Rose Garden Resident
Mahan's big move? Back to basics
San Jose mayor pledges to build 1,000 units for homeless people, to fight blight & crime
One could liken the job of being mayor of San Jose to endlessly rolling a boulder up a hill.
In his inaugural address Feb. 1 as the city's 66th mayor, Matt Mahan gave a nod to the Greek mythological tale that sums up the task before him in a single word: Sisyphean.
The reference is likely not hyperbole.
Mahan, a business-backed former school teacher and technology entrepreneur who won the job in an ultra-tight contest in November, has just two years to show results. He has few allies among the City Council's 10 members and has inherited a seemingly endless list of intractable quality-of-life problems that bedevil its residents.
The former councilmember's big move? Get back to the basics.
During the speech, Mahan narrowed the city's ills down to three problems: homelessness, blight and crime. It's a major contrast to his predecessor, who vowed to take on big-picture issues such as climate change.
“One of the greatest temptations in government is to try to be everything to everyone,” he said before an audience of about 2,000 at San Jose's Performing Arts Center. The evening included entertainment and speeches representing a cross section of the city — from a Vietnamese dance troupe to a heartwarming pledge of allegiance by preschoolers from a Lutheran church.
“The truth is that there are needs and desires in our community that far outstrip the capacity of City Hall,” he said. “And when we attempt to solve every problem at once, the harsh reality is that we tend not to solve any of them.”
As for homelessness, Mahan urged ending San Jose's “era of unmanaged encampments,” sparking the largest roar of applause during the night. By the end of his two-year term, Mahan has pledged to build 1,000 units of interim housing and said the city should focus first on shelters rather than more resourceintensive housing with wraparound services.
“If we had a massive earthquake tomorrow that displaced 4,975 people, which is the number of neighbors living unhoused on our streets, FEMA would have safe shelters lined up on public lands within 72 hours,” he said. “Every displaced person would have access to shelter. While I agree permanent affordable and supportive housing is the ultimate goal, we can't rely on an incremental approach to a crisis of the magnitude we see on our streets each day.”
When it comes to city cleanliness, Mahan wants to fill the vacancies among the city's code enforcement officers to address a backlog of 4,000 complaints submitted through the 311 app while revamping the service-request system to make it more accessible for residents. He plans to organize regular trash clean-ups, tree planting and wall painting.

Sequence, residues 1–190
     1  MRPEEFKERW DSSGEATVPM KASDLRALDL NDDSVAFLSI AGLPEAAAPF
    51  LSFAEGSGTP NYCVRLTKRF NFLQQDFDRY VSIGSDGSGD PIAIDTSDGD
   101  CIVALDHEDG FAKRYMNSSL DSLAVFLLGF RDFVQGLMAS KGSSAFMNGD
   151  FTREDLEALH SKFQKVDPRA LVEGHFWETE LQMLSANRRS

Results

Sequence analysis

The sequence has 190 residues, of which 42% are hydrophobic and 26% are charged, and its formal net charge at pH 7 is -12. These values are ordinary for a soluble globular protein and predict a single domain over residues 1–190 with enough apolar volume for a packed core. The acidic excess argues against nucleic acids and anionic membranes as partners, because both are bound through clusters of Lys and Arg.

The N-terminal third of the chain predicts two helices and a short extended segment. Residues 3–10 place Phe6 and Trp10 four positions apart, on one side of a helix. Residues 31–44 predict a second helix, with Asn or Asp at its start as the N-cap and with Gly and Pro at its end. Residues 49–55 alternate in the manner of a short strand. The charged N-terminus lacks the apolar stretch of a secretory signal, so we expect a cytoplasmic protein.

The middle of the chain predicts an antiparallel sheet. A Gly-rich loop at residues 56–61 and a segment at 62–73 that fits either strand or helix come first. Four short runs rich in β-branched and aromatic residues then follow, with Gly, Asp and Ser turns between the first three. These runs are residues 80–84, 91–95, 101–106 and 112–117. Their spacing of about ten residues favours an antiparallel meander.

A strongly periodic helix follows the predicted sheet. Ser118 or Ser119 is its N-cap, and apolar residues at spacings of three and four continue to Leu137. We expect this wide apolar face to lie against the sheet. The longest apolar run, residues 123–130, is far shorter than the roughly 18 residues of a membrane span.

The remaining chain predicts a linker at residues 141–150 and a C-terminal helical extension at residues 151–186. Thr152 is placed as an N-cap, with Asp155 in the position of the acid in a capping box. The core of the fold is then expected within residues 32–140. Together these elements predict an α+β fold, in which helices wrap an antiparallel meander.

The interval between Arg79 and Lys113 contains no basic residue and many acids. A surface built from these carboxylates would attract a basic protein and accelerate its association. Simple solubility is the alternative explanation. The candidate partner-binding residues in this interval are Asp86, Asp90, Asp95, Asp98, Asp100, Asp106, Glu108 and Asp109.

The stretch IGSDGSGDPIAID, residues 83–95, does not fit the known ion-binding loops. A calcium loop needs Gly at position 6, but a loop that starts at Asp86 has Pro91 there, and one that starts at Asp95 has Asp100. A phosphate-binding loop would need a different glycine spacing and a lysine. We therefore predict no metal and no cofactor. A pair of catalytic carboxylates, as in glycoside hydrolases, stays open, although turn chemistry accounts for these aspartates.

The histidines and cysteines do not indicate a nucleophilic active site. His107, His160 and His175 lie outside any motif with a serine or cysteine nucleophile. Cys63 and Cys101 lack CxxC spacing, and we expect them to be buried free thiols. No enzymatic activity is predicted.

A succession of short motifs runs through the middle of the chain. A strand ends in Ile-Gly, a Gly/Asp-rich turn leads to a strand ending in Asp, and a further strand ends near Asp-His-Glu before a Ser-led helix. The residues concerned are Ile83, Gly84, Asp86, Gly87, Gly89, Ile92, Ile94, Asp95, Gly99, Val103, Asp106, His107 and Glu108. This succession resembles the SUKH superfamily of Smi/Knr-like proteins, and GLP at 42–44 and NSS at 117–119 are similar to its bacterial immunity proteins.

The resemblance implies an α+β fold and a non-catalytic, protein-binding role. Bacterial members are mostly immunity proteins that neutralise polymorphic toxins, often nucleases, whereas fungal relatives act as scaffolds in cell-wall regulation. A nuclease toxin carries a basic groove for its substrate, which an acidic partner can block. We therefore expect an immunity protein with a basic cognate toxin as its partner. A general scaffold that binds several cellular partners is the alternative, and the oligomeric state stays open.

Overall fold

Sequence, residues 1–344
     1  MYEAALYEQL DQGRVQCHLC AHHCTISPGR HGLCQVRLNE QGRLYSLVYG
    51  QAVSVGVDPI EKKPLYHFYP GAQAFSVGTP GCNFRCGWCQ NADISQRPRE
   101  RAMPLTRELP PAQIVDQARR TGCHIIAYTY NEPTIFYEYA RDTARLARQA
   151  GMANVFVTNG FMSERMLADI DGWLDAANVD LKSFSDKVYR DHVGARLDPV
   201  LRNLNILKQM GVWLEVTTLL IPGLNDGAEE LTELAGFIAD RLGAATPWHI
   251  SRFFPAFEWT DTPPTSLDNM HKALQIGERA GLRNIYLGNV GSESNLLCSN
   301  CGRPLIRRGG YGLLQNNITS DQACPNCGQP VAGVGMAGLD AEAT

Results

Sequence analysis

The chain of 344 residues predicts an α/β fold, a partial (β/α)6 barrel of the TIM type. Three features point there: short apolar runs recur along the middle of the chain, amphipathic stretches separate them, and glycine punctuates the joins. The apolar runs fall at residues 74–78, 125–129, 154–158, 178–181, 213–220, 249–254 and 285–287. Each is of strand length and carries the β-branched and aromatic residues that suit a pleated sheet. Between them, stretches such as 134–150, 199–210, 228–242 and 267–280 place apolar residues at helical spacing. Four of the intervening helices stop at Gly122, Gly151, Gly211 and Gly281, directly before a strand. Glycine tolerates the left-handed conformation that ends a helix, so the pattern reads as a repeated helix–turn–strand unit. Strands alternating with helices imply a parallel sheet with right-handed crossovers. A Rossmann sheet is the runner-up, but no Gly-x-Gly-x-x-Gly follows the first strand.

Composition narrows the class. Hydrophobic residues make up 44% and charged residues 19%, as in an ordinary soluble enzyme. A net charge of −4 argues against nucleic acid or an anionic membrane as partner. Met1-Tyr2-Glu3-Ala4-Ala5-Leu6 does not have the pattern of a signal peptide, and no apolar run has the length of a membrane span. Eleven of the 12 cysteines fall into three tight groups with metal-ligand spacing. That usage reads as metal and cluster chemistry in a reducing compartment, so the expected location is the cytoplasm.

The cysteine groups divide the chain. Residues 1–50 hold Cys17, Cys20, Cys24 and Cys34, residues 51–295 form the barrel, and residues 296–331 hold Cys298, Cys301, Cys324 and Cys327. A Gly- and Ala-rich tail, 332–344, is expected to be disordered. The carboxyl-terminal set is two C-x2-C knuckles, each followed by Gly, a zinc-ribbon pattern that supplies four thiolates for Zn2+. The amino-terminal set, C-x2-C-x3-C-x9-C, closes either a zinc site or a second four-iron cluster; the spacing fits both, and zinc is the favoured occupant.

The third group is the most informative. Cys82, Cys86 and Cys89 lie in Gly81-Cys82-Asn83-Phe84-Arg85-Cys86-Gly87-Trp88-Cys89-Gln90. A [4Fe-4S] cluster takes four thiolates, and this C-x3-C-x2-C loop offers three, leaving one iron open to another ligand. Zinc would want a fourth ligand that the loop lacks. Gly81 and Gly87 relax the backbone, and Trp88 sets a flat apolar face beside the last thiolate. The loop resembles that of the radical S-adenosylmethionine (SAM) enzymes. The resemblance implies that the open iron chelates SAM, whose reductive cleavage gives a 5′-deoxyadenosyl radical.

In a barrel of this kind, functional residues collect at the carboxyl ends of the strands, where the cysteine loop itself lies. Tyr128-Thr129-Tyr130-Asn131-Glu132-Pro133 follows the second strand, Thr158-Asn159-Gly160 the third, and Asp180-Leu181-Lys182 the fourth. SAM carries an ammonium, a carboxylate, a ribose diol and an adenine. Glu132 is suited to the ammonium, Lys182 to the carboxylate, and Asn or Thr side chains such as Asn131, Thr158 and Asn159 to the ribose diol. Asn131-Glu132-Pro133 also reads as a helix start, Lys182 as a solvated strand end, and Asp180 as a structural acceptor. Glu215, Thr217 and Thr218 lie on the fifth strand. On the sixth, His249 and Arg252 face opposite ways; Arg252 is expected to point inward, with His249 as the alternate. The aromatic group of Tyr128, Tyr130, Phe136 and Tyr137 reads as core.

To bolster public safety, Mahan wants the city to hire 30 more police officers within a year and tweak recruiting efforts to speed up the hiring pipeline. The mayor also urged an end to what he calls a “revolving door” of offenders who are arrested and quickly placed back on the streets, citing as an example one person who was arrested 27 times over the course of about two years.
“We need to disrupt this pattern by identifying the small number of people who need intervention and creating a system that intervenes early and appropriately,” he said. “I'm committed to working with our county leaders to ensure that when an officer takes someone to jail or Valley Medical Center, they are not simply
returned to the street a day or two later when their situation demands further intervention.”
Mahan's inaugural address also sought to heal old wounds from November's bitterly contested fight for the mayorship. He noted that his election foe, Cindy Chavez, was in attendance at the inauguration and that the two recently shared a dinner of ravioli at Original Joe's on First Street.
“We are all here for the same reason, elected by the people of this city and dedicated to seeing it become the best it can be,” he said.
In a statement, Chavez said it was “an honor” to attend the inauguration. “When I served on the council, we were the safest big city in America and working together without excuses, rancor or blame, we can be again,” she said.
But the message of unity from Mahan was not strong enough for Bob Staedler, a land-use consultant with Silicon Valley Synergy, who supported Chavez's mayoral bid. He wanted to hear more about working with the City Council's majority-progressive bloc.
“The speech seemed like a campaign ad,” he said. “I was really
underwhelmed. It was really just going to his base in the Almaden Valley.”
For Mahan's supporters, however, the night represented a stark reflection of the shifting political winds in San Jose following the departure of former Mayor Sam Liccardo.
High school senior Keirah Chen, a resident of Mahan's old District 10 who interned for the mayor's campaign, said his message on homelessness is what pushed her to back him.
Most mayors talk about homelessness, “but his was particularly intriguing. He's talked a lot about not just homelessness but also drug abuse, and rehabilitation over incarceration,” Keirah said. “I really like that message.”
John Gallo, who lives in the city's Berryessa neighborhood and voted for Mahan in November, sat in one of the Performing Arts Center auditorium's red seats Feb. 1, waiting patiently for the inauguration speech to begin. He said he's excited for Mahan to take the helm at City Hall.
“I wasn't surprised that he won,” Gallo said about Mahan's narrow triumph in November. “I think people were looking for something different.”